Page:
Culinary Visions released a study this month on the food culture created by today’s maturing Baby Boomers.
Serving the 55-plus consumer has many of the same challenges and opportunities that foodservice operators face in all other segments of the foodservice business according to the latest research from Culinary Visions. More than 4,000 consumers throughout the U.S. were surveyed, and insight for this report focused on the 1,240 seniors who participated.
“The results of this survey paint a contemporary picture of Baby Boomers, now in their late 50s to early 70s, who drove so much of the growth and innovation in the restaurant business when they were younger,” said Sharon Olson, executive director of Culinary Visions. “Their insight is important for foodservice professionals because even though they may not be considering a senior community for themselves, many are exploring the option for their parents with their own values in mind.”
Five key takeaways from the study break from conventional thinking on the part of the general public. However, they are likely to reinforce some of the important characteristics that senior living professionals see in the communities they serve.
Self-Described Adventurous Eaters
Contrary to conventional thinking that seniors are set in their culinary ways, the majority (63%) of the 55-plus consumers surveyed consider themselves to be adventurous eaters. This generation is accustomed to restaurant dining, with 62% reporting that they usually like to try new dishes and flavors when they dine out. Restaurants can be places for culinary exploration, especially for international cuisines. Seventy-two percent of the survey respondents said they enjoy international foods with flavors they cannot easily prepare at home when they dine out.
In Culinary Visions’ studies of senior dining 15 years ago, home cooking was considered the quality standard for senior communities, yet Baby Boomers are bringing their own set of expectations to senior dining. This is a group that appreciates restaurant experiences, with 82% saying they appreciate the artistry of chefs who create beautifully composed meals. Restaurants have become the standard for quality, with 63% saying they believe that sandwiches in restaurants are better than the sandwiches they make at home.
Fresh food is a priority in restaurants. Eighty-seven percent agreed that they look for the freshest food possible when dining out. Today’s senior diners are likely to compare their restaurant experience to senior community dining.
This new generation of seniors likes to be knowledgeable on subjects that are important to them. They want more than basic nutrition label information on the food they consume. Sixty-eight percent of survey participants say knowing details about the source of their food is important to them.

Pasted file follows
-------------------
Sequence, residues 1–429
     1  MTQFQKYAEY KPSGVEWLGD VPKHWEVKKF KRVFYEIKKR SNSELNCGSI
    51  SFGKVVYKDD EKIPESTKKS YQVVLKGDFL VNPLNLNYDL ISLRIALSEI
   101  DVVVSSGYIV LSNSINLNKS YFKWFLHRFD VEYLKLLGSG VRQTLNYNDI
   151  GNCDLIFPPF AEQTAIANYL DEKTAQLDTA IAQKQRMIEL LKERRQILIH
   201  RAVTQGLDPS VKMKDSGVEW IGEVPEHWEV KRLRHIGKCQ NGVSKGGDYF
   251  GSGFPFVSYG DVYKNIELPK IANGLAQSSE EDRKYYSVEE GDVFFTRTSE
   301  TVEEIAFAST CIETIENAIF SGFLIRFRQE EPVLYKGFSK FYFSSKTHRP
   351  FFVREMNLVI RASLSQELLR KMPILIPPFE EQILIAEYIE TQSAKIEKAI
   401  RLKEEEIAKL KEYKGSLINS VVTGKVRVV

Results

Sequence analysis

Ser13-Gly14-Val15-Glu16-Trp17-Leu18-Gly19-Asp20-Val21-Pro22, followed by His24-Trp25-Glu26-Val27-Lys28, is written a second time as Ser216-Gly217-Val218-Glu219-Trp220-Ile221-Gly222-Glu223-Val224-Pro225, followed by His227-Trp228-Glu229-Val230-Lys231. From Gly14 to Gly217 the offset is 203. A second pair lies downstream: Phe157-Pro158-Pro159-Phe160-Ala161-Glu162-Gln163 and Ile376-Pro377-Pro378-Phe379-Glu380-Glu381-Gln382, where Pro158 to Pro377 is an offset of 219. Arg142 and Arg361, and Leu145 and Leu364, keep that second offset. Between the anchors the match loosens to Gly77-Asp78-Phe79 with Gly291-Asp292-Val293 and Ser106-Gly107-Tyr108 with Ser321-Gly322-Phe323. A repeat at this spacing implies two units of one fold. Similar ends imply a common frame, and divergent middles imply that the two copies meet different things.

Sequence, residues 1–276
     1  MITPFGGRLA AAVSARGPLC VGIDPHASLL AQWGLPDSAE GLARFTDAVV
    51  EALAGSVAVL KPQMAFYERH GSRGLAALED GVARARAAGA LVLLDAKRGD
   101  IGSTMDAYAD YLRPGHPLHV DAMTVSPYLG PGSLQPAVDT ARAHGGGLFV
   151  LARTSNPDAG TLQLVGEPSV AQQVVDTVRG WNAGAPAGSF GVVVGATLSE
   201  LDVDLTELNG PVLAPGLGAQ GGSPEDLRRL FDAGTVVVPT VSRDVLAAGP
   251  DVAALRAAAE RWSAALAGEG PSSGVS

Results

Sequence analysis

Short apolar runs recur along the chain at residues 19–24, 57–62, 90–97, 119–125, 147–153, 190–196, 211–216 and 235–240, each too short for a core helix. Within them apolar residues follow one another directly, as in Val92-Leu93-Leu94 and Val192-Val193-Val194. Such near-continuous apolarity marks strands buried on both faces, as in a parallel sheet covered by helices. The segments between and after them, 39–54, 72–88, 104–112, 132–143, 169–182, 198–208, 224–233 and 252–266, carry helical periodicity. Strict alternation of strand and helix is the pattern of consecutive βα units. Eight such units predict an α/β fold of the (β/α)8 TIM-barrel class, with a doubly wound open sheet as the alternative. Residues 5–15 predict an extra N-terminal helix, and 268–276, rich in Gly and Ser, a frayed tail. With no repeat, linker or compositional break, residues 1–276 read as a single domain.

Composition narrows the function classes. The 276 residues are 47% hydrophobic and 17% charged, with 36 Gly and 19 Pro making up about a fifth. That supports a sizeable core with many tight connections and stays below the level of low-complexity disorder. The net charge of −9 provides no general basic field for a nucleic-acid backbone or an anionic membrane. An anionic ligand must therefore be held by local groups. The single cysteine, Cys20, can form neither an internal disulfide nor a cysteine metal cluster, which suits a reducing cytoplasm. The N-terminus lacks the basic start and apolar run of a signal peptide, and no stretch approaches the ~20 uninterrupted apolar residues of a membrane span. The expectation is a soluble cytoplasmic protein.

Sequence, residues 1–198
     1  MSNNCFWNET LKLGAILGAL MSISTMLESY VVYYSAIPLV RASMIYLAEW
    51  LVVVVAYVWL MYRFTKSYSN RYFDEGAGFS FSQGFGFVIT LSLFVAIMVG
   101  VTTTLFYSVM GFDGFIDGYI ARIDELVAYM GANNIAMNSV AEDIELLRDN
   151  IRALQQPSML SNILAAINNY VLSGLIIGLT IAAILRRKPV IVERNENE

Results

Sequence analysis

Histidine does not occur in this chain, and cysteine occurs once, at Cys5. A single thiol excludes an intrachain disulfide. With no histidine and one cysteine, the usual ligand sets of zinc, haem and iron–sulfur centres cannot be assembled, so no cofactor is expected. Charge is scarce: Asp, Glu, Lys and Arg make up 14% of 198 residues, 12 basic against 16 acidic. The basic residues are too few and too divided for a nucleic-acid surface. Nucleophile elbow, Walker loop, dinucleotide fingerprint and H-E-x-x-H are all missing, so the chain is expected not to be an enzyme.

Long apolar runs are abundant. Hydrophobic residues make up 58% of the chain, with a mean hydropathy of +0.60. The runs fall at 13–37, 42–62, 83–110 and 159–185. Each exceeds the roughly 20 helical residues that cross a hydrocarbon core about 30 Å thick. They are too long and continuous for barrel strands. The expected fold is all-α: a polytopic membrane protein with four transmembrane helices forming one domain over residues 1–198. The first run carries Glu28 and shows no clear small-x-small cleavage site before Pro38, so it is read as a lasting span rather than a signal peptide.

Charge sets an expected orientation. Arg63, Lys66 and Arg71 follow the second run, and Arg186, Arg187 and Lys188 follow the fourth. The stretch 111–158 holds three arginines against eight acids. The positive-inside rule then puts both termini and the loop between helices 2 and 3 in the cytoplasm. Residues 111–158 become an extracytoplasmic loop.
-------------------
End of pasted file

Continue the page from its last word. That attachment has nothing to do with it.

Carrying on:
They expect restaurants to have the information they need to be accurate and readily available. Seventy-nine percent expressed impatience with restaurants that do not have updated menus, which has been a wide scale challenge for restaurants since the pandemic fueled supply chain issues and labor shortages that make it difficult to keep menus current.
The 55-plus consumers surveyed are enthusiastic omnivores, with 73% describing themselves as a carnivore that loves vegetables. Although the study did not delve into a large number of lifestyle diets, it was notable that less than 9% described themselves as committed to a vegan lifestyle.
In addition to their omnivorous habits, this group also reported fewer dietary restrictions, sensitivities or allergies. Although it remains important for those serving senior diners to pay close attention to special dietary needs, it was somewhat surprising to learn that only 30% report that someone in their household has dietary restrictions, sensitivities or allergies. This is substantially lower than households with younger consumers, where 41% report someone in the household has dietary restrictions.
Globally and Locally Concerned Consumers
Concern for everyone involved in bringing food to the table is very important with this group. They care about everyone from food producers to foodservice employees, with 96% saying that they like to dine where employees are treated well.
Championing local producers is also an important issue, with 91% saying they appreciate restaurants that focus on supporting local food producers.
Baby Boomers are driving innovation in senior living communities just as they did in the foodservice industry decades ago. Today’s senior communities are responding to their residents by offering restaurant-style dining, engaging chefs, expanding foodservice variety and customizing amenities to enhance everyday life for all levels of care.